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Clinical use and applications of histone deacetylase inhibitors in multiple myeloma

Authors Tandon N, Ramakrishnan V, Kumar S

Received 24 December 2015

Accepted for publication 25 February 2016

Published 6 May 2016 Volume 2016:8 Pages 35—44

DOI https://doi.org/10.2147/CPAA.S94021

Checked for plagiarism Yes

Review by Single-blind

Peer reviewers approved by Dr Jinghui Luo

Peer reviewer comments 3

Editor who approved publication: Professor Arthur Frankel


Nidhi Tandon, Vijay Ramakrishnan, Shaji K Kumar

Division of Hematology, Mayo Clinic, Rochester, MN, USA

Abstract:
The incorporation of various novel therapies has resulted in a significant survival benefit in newly diagnosed and relapsed patients with multiple myeloma (MM) over the past decade. Despite these advances, resistance to therapy leads to eventual relapse and fatal outcomes in the vast majority of patients. Hence, there is an unmet need for new safe and efficacious therapies for continued improvement in outcomes. Given the role of epigenetic aberrations in the pathogenesis and progression of MM and the success of histone deacetylase inhibitors (HDACi) in other malignancies, many HDACi have been tried in MM. Various preclinical studies helped us to understand the antimyeloma activity of different HDACi in MM as a single agent or in combination with conventional, novel, and immune therapies. The early clinical trials of HDACi depicted only modest single-agent activity, but recent studies have revealed encouraging clinical response rates in combination with other antimyeloma agents, especially proteasome inhibitors. This led to the approval of the combination of panobinostat and bortezomib for the treatment of relapsed/refractory MM patients with two prior lines of treatment by the US Food and Drug Administration. However, it remains yet to be defined how we can incorporate HDACi in the current therapeutic paradigms for MM that will help to achieve longer disease control and significant survival benefits. In addition, isoform-selective and/or class-selective HDAC inhibition to reduce unfavorable side effects needs further evaluation.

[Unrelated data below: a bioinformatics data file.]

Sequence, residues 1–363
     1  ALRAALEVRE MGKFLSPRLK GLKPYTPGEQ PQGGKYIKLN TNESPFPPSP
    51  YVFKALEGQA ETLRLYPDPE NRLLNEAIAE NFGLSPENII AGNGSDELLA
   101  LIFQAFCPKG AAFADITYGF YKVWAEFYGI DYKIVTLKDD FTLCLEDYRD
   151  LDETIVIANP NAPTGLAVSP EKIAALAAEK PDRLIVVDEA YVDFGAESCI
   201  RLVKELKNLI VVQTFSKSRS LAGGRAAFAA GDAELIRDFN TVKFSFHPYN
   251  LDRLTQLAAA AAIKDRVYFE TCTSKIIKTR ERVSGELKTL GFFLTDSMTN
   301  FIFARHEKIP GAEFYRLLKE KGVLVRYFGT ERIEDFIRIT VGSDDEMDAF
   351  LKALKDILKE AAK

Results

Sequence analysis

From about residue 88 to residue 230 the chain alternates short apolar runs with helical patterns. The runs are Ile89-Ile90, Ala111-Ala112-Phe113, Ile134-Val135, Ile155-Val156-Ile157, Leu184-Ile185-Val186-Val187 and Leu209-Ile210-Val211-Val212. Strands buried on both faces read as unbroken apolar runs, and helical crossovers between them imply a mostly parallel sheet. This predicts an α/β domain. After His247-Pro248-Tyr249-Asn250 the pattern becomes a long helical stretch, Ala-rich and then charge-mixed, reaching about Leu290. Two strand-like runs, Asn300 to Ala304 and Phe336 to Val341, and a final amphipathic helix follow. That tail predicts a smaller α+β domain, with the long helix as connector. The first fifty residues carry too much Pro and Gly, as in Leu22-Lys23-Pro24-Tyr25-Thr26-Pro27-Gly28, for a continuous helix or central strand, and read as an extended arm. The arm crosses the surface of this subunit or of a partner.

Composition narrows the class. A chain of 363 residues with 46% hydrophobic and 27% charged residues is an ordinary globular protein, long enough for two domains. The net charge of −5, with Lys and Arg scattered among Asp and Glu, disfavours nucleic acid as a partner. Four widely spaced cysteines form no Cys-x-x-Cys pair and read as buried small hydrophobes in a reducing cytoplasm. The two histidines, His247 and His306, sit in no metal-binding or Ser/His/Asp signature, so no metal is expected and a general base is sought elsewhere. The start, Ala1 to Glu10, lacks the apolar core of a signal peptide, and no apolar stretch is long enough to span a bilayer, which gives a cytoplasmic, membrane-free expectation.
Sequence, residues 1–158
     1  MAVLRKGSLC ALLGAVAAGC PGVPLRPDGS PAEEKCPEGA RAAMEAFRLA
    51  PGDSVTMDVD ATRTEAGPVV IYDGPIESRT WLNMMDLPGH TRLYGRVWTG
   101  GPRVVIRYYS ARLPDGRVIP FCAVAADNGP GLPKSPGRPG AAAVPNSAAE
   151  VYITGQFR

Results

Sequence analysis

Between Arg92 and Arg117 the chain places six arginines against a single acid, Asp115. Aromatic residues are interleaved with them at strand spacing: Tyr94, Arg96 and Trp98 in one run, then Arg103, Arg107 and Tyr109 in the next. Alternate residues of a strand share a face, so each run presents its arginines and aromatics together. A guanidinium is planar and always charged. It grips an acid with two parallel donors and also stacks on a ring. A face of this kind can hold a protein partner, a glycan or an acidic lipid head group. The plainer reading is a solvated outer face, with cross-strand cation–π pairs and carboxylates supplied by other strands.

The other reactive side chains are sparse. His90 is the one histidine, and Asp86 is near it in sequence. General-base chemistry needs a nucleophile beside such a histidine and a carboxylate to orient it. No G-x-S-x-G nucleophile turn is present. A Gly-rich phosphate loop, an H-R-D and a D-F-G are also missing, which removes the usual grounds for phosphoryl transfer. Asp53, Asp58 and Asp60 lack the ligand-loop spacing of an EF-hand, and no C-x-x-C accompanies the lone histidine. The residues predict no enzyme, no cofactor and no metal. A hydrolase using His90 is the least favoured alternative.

Keywords:
HDAC inhibitors, Panobinostat, epigenetics, myeloma, relapse

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